Here we go, the method by which I generally do things. With most people when they first look at getting anything the first place that is started is with the ruleset for that particular army. This works across all systems as if you get a rulebook with all the forces in them or you have to pick up individual army books you’re going to be looking through them working out what you like the look of. The start of this method can work with other methods already described, what I do is have a nice read through the book, I looks at the units and their physical stats as well as stuff that I like the look of models wise. I will choose not to collect an army if their models luck bad, no matter how awesome the rules might be and so I take my picks and write-up a list for the normal game size, 1500pts 40k, 2000pts Warhammer Fantasy, 25ss Malifaux, 35 or 50pts Warmachine/Hordes etc… For the majority of these times what I will then do is make a purchase of the entire army, maybe in stages but sometimes in one huge bank busting blaze of debit card. Now, obviously depending on the army you’ve chosen this particular method can do more or less damage to your wallet. This also means you are laying down a whole wad of greenbacks on a force that has not yet seen action so you’re not sure about how it is going to perform, this is the chief downside of doing things this way, however, there is also another drawback that is almost at the same scale.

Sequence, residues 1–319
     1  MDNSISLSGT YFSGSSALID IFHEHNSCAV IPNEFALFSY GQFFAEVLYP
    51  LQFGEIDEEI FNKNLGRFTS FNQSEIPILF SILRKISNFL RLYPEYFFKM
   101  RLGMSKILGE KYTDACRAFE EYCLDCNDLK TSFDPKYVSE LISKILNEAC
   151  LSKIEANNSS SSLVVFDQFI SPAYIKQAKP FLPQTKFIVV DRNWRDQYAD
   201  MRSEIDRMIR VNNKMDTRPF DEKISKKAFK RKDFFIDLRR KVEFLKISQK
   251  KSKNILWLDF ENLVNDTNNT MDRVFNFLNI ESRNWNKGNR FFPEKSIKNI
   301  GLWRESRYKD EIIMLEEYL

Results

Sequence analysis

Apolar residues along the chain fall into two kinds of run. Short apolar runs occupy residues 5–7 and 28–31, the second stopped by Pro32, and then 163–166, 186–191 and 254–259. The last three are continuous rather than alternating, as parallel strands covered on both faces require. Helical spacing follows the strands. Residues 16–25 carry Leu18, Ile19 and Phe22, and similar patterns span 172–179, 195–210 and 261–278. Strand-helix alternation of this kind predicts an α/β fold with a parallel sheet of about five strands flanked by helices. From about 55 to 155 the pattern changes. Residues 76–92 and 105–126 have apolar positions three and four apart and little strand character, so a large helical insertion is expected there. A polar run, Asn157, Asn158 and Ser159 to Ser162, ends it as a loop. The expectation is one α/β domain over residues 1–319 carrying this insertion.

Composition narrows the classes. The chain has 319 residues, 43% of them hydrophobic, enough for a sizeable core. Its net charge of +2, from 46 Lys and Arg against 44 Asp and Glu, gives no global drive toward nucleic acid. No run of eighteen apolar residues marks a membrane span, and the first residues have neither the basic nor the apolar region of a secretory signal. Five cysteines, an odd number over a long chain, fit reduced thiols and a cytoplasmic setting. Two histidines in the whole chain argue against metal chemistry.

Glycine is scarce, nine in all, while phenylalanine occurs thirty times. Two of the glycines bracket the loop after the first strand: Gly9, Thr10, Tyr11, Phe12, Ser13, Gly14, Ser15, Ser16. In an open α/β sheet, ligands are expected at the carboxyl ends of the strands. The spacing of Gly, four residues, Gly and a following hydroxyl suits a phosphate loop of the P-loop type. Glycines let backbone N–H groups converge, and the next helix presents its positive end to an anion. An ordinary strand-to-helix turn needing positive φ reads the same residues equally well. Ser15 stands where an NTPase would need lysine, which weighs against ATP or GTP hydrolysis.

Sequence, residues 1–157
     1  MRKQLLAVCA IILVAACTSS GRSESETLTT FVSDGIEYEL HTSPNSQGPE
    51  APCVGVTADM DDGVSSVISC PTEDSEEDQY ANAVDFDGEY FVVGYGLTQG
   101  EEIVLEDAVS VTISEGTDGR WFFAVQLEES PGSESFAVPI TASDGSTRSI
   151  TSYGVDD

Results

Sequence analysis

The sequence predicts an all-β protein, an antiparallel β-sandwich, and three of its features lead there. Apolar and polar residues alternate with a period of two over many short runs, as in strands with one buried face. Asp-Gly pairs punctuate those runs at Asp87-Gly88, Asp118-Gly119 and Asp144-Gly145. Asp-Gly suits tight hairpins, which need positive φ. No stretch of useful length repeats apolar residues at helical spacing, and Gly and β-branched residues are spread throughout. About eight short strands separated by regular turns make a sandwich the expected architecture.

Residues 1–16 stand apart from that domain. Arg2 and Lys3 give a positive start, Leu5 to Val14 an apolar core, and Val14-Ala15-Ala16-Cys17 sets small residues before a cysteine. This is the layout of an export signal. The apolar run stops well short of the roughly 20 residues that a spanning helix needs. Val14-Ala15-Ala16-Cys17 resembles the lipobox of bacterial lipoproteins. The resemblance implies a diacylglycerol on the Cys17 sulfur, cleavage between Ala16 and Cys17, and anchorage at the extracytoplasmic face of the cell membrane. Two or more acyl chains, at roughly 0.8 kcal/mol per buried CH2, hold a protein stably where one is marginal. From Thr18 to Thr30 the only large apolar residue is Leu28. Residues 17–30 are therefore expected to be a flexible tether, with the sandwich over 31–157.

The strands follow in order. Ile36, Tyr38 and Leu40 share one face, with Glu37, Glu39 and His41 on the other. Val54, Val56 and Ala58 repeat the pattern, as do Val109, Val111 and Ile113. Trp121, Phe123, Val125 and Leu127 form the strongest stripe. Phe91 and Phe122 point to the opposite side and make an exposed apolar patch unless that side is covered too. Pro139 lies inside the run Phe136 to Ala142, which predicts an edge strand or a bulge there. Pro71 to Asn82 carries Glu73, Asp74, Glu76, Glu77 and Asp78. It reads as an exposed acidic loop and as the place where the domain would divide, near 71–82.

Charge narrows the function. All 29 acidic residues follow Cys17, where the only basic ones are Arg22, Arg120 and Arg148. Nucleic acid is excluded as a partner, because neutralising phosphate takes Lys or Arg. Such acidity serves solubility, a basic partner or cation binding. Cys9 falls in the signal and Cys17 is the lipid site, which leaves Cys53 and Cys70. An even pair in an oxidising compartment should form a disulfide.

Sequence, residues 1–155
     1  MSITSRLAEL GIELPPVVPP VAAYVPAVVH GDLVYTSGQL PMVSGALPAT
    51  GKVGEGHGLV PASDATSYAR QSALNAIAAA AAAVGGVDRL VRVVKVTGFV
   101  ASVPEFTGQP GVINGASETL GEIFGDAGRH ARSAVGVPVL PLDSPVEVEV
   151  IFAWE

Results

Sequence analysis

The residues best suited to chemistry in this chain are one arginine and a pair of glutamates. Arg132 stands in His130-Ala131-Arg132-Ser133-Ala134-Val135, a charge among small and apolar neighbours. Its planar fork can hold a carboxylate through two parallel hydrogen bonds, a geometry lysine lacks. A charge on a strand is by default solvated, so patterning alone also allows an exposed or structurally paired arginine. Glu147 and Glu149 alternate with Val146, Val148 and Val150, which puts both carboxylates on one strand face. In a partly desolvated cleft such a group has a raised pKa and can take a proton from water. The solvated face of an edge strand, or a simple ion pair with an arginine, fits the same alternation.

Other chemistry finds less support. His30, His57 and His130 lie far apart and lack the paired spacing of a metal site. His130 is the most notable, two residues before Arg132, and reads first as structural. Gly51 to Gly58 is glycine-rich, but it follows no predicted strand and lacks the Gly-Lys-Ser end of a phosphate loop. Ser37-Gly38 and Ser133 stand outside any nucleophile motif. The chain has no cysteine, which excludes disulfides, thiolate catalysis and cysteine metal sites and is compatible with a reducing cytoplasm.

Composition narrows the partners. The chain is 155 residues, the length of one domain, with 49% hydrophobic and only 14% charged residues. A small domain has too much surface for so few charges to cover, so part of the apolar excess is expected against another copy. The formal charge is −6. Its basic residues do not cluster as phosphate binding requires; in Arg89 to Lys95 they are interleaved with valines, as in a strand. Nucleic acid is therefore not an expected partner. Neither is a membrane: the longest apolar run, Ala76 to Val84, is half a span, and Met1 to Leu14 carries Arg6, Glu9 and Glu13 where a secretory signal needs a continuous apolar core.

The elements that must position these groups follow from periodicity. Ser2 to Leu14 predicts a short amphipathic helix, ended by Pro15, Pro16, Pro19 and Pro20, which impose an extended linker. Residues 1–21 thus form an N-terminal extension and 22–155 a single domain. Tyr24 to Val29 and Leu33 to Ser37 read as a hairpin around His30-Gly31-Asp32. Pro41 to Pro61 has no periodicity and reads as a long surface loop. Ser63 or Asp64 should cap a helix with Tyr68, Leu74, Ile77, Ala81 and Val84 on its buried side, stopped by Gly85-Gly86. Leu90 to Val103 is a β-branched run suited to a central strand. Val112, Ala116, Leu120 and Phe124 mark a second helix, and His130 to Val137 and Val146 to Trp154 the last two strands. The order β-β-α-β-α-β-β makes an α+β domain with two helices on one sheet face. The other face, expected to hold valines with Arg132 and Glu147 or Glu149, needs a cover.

When you’ve bought everything you need in one batch you have an entire army arrayed before you, this can cause morale issues as you are presented with just how much stuff you’re going to need to build/paint. In days of yore I’ve assembled whole armies and left them on my painting table showing me in no uncertain terms just how much work I have left if I want to do it all. This is perhaps one of the greatest reasons why I never get stuff done, after seeing it all I chop and change from one thing to another. My current project is not done in this manner, I am doing things one at a time and leaving my table clear in order to do so, nothing else is cluttering it up (bar a Lord of Change and the aforementioned Big Mek “Orky McSuicide”). I am hoping that by having a more structured approach to things I stand a better chance of getting things finished. I’m looking forward to this weekend and setting myself the challenge of getting some figures actually done, I am away in London on Saturday so this may not be achievable but I’m going to give it a shot to push myself.

Time and time again I’ve fallen back on this method, written out an army list and then gone out and bought more and more stuff so that I have it all. I don’t know why I do this but I know that getting things piecemeal can actually be more beneficial (method 1 in the list here).My preferred method is probably the worst one but I’m sure each gamer has their own style and works in their own way, so don’t let anything here prevent you from doing what you want.

 

So then Intarwebz, when creating your ideal army, how do you eat yours?

New Army Syndrome – The Condition Explained